Raul Gallegos is the Latin America financial columnist for Reuters Breakingviews. Raul has more than a decade of experience covering the region’s business, finance and economics. His work has appeared in the Wall Street Journal, the LA Times and Institutional Investor. From 2004 through 2009, Raul was the Venezuela-based oil correspondent for Dow Jones Newswires, and a member of the OPEC coverage team in Vienna. He holds a bachelor's degree in economics from the University of California at Berkeley and a master's degree in International Affairs from Columbia University. He was a 2010 Knight-Bagehot Fellow at the Columbia Business School. Follow Raul on Twitter @raulegallegos
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Former Colombian President Alvaro Uribe’s book “No Lost Causes” may be self-serving. But it shows how he helped turn war-torn Colombia from near-failed state into an investment destination. Uribe’s security gains are frail, but his successes dwarf those of his leftist peers.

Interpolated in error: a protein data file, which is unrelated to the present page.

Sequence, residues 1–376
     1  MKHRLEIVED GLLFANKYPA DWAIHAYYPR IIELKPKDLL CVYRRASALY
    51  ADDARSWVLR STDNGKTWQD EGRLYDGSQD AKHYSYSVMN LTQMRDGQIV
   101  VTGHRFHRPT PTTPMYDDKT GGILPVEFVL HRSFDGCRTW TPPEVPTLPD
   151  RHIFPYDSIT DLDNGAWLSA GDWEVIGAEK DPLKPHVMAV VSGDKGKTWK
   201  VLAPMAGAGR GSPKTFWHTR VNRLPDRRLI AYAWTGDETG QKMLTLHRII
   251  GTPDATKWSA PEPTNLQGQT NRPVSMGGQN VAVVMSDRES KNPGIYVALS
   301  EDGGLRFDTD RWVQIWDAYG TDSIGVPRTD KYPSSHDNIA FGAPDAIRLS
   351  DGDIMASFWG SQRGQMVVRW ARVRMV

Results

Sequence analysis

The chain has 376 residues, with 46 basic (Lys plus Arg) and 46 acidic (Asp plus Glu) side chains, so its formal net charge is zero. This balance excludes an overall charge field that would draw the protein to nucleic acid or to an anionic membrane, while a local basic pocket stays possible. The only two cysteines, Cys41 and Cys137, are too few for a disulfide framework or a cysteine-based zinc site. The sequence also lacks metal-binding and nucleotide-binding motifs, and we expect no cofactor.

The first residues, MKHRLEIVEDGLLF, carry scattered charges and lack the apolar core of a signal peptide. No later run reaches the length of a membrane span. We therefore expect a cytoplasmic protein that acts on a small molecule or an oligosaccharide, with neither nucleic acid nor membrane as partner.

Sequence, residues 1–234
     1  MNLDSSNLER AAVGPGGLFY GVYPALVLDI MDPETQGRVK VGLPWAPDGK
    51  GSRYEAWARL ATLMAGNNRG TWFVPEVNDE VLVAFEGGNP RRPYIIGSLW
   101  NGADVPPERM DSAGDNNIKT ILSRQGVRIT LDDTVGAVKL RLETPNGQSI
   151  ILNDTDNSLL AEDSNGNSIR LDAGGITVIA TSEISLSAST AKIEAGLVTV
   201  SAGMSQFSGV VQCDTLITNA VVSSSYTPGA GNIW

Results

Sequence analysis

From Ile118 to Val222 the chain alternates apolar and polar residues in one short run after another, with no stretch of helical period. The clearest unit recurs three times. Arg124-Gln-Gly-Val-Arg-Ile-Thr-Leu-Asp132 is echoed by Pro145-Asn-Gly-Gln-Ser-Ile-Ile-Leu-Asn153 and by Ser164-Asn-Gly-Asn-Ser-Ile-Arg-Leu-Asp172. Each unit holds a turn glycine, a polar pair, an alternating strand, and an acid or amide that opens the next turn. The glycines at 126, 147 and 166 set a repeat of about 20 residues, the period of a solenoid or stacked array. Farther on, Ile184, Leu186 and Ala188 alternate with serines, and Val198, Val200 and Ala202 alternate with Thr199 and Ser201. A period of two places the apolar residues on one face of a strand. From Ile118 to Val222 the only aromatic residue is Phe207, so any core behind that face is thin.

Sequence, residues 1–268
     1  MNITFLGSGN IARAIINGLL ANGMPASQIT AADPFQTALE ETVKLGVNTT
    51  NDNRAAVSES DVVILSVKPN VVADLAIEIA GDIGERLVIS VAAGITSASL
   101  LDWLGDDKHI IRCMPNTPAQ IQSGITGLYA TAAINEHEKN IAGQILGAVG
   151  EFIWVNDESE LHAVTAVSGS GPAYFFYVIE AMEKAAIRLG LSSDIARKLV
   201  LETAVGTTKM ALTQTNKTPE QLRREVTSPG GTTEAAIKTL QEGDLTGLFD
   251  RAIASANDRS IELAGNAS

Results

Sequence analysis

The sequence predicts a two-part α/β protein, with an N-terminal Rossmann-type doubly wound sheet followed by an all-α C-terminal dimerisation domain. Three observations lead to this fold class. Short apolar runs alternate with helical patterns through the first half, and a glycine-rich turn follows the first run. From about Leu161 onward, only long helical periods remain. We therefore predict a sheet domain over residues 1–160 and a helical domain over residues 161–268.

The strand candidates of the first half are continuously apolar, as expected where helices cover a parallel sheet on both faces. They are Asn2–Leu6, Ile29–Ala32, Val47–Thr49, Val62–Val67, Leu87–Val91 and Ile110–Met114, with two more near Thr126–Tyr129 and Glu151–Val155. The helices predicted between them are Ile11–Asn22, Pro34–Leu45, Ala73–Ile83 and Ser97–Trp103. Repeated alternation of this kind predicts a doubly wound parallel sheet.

Allies of ailing Hugo Chavez seem to be taking even greater liberties interpreting the constitution than expected. There’s no inauguration, caretaker government or sign of a new election. If markets truly hate uncertainty, then animus toward Venezuela should be off the charts.
A bad drought could require electricity rationing. Brazil is already battling weak investment and higher labor costs as it prepares to be a global sports host. The 2001 energy crisis sapped 2.6 points of GDP growth. Dilma Rousseff’s troubleshooting list is getting awfully long.
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- Mexico may teach U.S. a lesson on good government
- Latam minority investors strike back against Enel
- $2.3 bln Brazilian insurer IPO looks too pricey
- Warning to investors: Chavismo doesn't need Chavez
- Brazil's ailing oil industry needs a nudge
- Weaker Chavez is no sign of strength for investors